By Francis Wakefield
The Armed Forces of the Philippines (AFP) Sunday said that it still has to recover 49 bombs (ordnance) that failed to explode at the height of the military assault to free Marawi City from the hands of the Maute Group which lay siege on the city on May 23, 2017.
In an interview, AFP Spokesman Brig. Gen. Edgard Arevalo said, as per information coming from 103rd Infantry “Haribon” Brigade Commander Col. Romeo Brawner Jr., efforts are being made to recover 49 of the 70 bombs. The remaining ordnance are believed to have not exploded during the battle for Marawi.
Arevalo said the bombs will have to be retrieved by the winning contractor, which will be in charge of putting up the structures that will replace the damaged ones as result of the five-month war.
He said it was difficult to find the unexploded ordnance, especially if it is already buried deep in the ground.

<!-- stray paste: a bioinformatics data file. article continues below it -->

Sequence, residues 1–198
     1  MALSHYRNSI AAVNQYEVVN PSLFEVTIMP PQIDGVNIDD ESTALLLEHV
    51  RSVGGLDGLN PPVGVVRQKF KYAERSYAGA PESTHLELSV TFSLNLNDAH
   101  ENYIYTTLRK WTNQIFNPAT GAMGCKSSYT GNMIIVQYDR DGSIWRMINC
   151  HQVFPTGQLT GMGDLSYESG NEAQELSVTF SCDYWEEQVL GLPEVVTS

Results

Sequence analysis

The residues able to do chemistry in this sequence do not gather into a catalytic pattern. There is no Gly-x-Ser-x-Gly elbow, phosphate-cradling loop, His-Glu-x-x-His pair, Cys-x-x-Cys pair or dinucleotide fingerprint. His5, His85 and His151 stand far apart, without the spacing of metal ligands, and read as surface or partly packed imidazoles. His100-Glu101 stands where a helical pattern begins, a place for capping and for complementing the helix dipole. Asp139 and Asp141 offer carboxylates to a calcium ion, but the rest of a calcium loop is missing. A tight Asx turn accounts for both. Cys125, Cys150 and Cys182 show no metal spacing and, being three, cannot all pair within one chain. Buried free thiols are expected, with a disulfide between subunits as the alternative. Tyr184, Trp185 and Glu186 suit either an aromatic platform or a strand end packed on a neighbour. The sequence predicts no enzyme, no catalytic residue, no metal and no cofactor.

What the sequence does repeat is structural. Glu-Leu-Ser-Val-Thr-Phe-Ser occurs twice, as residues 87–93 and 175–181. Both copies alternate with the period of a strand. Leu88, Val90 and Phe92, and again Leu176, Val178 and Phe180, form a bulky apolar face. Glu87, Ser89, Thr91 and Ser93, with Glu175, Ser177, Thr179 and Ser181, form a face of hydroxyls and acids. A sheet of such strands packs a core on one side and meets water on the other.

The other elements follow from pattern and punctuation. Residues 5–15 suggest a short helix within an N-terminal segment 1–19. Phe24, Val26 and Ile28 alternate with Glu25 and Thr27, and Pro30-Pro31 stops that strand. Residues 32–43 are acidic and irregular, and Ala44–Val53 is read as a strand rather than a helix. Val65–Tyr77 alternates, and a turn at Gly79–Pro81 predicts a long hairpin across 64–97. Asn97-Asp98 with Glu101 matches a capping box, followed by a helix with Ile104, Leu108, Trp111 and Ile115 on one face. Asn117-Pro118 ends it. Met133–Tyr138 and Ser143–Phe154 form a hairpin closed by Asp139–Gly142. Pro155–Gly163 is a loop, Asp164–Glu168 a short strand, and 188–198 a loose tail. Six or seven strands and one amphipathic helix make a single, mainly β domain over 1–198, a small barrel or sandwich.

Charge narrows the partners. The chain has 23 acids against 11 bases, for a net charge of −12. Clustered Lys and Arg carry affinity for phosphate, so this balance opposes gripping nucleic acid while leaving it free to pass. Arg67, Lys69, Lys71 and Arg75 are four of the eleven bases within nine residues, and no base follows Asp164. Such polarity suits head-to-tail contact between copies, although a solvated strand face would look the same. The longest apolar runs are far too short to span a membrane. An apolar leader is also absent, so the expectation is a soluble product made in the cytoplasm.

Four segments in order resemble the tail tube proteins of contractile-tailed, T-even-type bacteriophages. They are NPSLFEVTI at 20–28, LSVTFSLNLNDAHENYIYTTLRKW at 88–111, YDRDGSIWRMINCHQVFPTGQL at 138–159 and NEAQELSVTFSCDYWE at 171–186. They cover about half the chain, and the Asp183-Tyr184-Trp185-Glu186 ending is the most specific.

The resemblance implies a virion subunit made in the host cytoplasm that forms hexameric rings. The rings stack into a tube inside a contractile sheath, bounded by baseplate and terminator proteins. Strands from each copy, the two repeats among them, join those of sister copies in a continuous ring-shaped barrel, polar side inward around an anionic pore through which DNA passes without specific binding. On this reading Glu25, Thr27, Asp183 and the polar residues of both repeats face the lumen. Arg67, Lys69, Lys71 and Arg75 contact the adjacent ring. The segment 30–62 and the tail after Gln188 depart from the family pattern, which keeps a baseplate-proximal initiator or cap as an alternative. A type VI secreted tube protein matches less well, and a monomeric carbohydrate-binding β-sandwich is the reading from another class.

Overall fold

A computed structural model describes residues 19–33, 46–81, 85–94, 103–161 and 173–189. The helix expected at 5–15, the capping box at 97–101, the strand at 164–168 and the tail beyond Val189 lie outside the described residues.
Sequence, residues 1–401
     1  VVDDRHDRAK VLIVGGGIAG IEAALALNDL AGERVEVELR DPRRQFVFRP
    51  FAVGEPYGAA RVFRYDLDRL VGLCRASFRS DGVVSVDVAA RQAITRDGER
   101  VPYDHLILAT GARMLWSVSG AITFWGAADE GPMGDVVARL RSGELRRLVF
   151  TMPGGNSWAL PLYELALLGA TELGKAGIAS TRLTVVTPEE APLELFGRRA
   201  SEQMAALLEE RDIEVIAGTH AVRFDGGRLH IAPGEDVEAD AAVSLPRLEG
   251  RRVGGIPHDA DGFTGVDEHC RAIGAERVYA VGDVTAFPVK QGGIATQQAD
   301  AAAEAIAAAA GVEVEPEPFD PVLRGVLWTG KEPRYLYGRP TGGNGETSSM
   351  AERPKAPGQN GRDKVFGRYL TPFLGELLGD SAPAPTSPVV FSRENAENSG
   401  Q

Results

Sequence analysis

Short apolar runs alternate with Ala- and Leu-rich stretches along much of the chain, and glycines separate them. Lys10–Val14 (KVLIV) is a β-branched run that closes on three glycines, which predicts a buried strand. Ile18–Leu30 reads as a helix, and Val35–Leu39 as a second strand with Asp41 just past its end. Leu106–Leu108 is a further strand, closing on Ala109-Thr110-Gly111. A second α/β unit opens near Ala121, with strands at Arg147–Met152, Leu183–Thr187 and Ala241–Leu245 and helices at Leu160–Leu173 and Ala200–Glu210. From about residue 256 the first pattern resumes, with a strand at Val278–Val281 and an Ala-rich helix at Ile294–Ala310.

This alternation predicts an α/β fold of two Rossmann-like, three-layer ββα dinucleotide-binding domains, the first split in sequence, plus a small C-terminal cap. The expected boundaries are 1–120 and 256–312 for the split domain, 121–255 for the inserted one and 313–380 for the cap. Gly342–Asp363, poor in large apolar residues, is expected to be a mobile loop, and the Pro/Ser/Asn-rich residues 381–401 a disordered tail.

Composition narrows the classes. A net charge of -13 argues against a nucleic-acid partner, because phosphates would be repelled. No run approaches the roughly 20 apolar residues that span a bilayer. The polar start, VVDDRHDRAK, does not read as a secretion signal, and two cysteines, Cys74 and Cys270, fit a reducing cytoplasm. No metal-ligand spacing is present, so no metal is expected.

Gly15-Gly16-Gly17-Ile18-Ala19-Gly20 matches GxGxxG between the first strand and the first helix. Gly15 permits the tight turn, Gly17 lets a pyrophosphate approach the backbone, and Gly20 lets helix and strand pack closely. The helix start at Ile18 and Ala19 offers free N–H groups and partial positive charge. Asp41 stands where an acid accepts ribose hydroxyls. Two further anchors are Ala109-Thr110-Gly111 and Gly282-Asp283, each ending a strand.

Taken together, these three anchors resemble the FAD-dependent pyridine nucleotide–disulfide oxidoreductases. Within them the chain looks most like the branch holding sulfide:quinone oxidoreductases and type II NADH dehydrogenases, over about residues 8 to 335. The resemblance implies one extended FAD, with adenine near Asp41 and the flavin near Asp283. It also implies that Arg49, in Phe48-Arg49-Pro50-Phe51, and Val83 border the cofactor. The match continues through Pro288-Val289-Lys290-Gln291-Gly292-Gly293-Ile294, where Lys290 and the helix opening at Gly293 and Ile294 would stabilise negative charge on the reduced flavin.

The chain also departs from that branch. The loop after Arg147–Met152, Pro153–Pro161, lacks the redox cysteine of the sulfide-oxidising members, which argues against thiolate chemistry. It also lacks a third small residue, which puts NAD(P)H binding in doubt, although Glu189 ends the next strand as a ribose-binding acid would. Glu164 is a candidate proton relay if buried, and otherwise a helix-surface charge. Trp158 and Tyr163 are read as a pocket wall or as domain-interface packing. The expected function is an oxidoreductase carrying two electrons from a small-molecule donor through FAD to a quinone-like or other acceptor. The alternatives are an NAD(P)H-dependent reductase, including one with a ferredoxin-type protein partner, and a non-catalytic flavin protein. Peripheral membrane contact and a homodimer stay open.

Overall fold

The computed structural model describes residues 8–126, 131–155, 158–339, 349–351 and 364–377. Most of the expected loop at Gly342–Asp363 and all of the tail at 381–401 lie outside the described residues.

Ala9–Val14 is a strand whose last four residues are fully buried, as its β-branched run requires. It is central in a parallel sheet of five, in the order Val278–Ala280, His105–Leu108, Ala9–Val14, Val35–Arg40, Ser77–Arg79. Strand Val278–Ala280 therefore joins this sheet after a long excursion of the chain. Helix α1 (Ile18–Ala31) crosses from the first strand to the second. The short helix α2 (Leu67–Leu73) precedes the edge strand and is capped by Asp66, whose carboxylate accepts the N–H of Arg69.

“These (unexploded ordnance) will have to be retrieved with the help of the winning contractor in the construction of the structures to be put up,” Arevalo said.
“The ordnance were specifically difficult to retrieve because they were either buried deeply or are underneath buildings and collapsed structures,” he added.
“If it came from our aircraft, delivered from air so bumaon po talaga ito [its buried deeply]. That’s why kelangan po nating i-detect kung nasaan, kelangan nating mai-angat na kunin buhat sa kanilang kinalalagyan [we need to detect where it is and retrieve it from its current position],” he added.
Arevalo, at the same time, said in case an unexploded ordnance is found, the process to recover it will not be that easy.
“Recovering it (bombs) requires a tidious process. Kahit pa na locate natin iyan, hindi natin sya basta pwedeng i-unearth [Even if we locate it, we cannot just unearth it],” Arevalo said.
“We still have to observe certain procedures lalong lalo na yung mga, may expertise sa ordnance na kelangan silang makatulong dito sapagkat napakahirap, napaka-delikado [especially those who has the expertise on the ordnance who can help because it’s hard, it’s dangerous],” he added.
The Marawi siege, which ended on October 23, 2017, claimed the lives of 168 government troops (soldiers and policemen), 978 militants and dozens of civilians.
About one million civilians were also displaced due to the conflict.